(Previous Topics)

Visualization of complex modular software systems (2013+)

(lang:cz Vizualizace komplexních modulárních softwarových systémů)

Motivation: Very little advances have been made in visual representations that would scale with the structural complexity and size of current applications (thousands of components in flat diagram); UML is vastly inadequate.

Goals:

  • Design or improve novel visual representations of software systems (notations, layouts) using unique approaches like interaction, mobile viewports, off-screen and 2.5D views.
  • Create suitable underlying models (meta-data) and algorithms (layout, clutter reduction) that would enable the description and visualization of software systems consisting of thousands of elements (components / modules / classes / …).

The topic mixes aspects of technological, information visualization and usability areas.

PhD students

  • Jaroslav Snajberk — thesis defended 2014
  • Lukas Holy — thesis defended 2016

Software component models for reliable composition (since ca 2010)

(lang:cz Komponentové modely pro spolehlivou kompozici software)

Motivation: Most current component models have “holes” or leaky abstractions – they don’t describe all features of the components on the interface level, e.g. events or configuration items. This leads to implementation (hidden) dependencies, in clear contradiction to the original purpose of black-box components = compositionality and substitutability.

Goals:

  • Investigate how the component/module black-box can be violated — hidden dependencies, leaked properties, stale references, illegal callbacks — and design measures to prevent it, e.g. in the form of a truly black-box component model.
  • Enhance standard lifecycle and binding of components to maintain architectural integrity/consistency throughout runtime evolution — prevent incompatible bindings, syntactically or semantically fragile component updates, creating hidden dependencies.

This is a basic research topic but requires validation of the concepts by real implementation to show they can be realized in a highly practical way.

Related research grant projects:

  • GACR 2011-2013 Development and verification of component-based applications using natural language specifications + GACR 2008-2010 Consistency verification of advanced component-based applications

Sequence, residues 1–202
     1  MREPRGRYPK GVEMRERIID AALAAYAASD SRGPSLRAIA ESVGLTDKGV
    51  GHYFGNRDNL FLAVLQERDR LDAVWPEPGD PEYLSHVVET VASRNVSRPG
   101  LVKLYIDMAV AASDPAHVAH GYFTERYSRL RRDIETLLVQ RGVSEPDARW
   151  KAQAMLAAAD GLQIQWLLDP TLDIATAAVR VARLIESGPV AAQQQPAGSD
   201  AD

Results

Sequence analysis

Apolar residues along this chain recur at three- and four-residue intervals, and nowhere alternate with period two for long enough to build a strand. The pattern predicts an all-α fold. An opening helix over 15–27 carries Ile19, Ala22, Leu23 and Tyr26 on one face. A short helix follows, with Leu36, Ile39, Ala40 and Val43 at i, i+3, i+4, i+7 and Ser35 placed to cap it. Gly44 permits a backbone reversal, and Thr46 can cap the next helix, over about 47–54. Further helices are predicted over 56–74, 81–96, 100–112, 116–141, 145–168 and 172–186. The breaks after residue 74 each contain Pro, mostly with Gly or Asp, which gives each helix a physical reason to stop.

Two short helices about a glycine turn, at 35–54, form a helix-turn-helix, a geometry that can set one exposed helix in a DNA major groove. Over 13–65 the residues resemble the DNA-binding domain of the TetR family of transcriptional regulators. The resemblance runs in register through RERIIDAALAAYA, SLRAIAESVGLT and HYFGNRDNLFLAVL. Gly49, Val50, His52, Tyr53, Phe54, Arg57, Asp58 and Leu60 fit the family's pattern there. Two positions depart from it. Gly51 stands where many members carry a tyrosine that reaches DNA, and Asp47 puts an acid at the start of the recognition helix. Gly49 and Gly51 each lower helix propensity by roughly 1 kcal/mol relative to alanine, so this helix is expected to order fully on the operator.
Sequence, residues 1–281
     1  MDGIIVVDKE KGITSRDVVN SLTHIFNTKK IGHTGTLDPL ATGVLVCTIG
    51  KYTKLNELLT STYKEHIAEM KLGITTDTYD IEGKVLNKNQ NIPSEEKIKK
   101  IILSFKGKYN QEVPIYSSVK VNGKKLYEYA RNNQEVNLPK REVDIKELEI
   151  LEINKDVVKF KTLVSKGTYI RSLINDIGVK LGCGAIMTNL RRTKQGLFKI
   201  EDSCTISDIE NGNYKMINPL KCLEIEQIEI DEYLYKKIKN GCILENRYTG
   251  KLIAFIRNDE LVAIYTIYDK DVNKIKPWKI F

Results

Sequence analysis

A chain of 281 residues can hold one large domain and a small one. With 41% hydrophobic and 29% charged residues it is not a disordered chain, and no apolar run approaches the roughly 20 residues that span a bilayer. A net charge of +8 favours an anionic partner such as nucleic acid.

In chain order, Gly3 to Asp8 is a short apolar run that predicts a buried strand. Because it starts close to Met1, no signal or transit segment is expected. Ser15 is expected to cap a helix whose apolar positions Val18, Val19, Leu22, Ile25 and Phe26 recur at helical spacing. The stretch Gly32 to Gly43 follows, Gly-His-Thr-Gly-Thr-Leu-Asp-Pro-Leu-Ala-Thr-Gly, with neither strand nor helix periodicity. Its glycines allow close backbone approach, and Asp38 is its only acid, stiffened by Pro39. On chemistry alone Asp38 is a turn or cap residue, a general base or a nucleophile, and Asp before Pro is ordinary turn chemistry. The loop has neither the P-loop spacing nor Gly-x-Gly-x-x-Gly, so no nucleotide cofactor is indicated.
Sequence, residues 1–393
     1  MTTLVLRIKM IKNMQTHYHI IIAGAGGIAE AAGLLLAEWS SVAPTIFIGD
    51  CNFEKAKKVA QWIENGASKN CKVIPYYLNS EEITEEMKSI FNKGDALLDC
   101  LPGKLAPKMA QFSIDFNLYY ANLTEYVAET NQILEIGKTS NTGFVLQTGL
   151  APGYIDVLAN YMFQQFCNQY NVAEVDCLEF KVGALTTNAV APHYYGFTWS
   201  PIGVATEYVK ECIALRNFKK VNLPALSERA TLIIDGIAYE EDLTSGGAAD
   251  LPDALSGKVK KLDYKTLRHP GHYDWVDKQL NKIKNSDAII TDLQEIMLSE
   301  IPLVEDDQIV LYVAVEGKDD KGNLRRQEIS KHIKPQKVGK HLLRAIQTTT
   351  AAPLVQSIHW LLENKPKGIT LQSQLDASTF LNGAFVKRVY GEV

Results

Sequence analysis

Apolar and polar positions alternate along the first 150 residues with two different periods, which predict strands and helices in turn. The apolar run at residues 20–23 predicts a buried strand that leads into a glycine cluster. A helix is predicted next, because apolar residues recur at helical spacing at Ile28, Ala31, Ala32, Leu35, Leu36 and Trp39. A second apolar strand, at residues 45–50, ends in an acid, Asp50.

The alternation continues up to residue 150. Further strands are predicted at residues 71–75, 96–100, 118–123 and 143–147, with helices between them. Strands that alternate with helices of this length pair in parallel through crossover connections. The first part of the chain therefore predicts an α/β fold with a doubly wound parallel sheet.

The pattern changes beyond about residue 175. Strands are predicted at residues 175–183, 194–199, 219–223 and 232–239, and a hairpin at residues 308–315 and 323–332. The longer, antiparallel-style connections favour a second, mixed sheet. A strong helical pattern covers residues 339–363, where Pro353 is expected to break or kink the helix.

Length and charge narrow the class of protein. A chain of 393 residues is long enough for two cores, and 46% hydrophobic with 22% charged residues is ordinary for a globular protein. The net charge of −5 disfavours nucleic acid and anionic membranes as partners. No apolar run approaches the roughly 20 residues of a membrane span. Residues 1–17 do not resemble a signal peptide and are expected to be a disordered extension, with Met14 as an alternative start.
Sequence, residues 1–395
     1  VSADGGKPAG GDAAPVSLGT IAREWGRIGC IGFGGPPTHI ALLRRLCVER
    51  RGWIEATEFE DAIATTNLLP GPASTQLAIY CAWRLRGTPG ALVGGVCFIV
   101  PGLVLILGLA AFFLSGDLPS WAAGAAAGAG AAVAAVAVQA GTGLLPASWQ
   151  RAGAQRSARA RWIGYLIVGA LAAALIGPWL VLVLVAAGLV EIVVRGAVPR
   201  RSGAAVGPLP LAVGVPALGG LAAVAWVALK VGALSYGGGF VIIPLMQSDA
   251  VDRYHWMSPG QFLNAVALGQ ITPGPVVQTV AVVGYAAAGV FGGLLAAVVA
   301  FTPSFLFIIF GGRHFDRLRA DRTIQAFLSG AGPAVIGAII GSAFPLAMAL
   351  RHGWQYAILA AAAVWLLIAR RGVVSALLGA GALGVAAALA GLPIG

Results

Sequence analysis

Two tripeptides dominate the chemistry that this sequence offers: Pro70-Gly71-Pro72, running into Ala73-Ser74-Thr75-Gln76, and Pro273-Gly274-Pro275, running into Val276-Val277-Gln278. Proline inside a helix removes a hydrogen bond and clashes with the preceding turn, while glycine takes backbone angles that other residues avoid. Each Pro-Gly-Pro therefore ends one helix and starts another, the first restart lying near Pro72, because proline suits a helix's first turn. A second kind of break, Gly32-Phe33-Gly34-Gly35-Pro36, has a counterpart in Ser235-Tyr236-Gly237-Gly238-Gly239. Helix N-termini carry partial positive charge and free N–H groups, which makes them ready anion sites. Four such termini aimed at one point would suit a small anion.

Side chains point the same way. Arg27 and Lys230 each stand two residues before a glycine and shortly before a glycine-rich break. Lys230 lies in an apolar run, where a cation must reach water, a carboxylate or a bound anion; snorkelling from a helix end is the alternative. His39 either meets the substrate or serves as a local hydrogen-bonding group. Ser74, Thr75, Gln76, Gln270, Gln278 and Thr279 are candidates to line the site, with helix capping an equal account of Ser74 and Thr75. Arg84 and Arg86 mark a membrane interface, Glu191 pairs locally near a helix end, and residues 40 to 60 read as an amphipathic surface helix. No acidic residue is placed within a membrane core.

• Submitted: ABB research grant, FP7 EcSiTe, NTIS startup

and tools:

On the topic’s periphery are also these aspects:

  • dynamic languages like Groovy and JavaScript for use in components (e.g. JSR 292 and Da Vinci).
  • domain-specific components (e.g. for streaming applications, location-aware services, …) built on a common base of a generic component model, following core information hiding principles (obsessively black-box).

Further topics of interest

(Read: if you are really interested in any of these, I’m open to discussion):

Component or module substitution/matching with margins of correctness

  • motivation = even though a 1-to-1 substitution (e.g. version upgrade) of a component may not be viable (would be type unsafe, behaviourally inconsistent, etc.), it may be granted when the capabilities available in the context and/or the scope of differences support it and/or when the substitution is done for a set of related components and/or if we consider “degrees of similarity” rather than strict black-and-white compatibility (e.g. via ability to generate adapters at deployment/binding time); this is a continuation of current research
  • goal = methods, models and algorithms to measure the degree of incompatibility, determine the alternatives of resulting architectures and their suitability, analyse and support substitution of a set of components
  • scope = measures will cover extent and quality of differences on component or set-of-components interface, methods will consider both 1:1 and M:N substitution

Software development process patterns

  • motivation = sw development has its patterns and rules, but they are very often not known or violated; the symptoms of problems that this causes are not recognized early enough.
  • goal = use existing project data from bugtracking / ALM tools to detect and describe potential good/bad practices and the consequent benefits/risks. build a repository of process/practice patterns as they manifest in the tools, e.g. in burndown charts, to serve as a guide for project managers etc.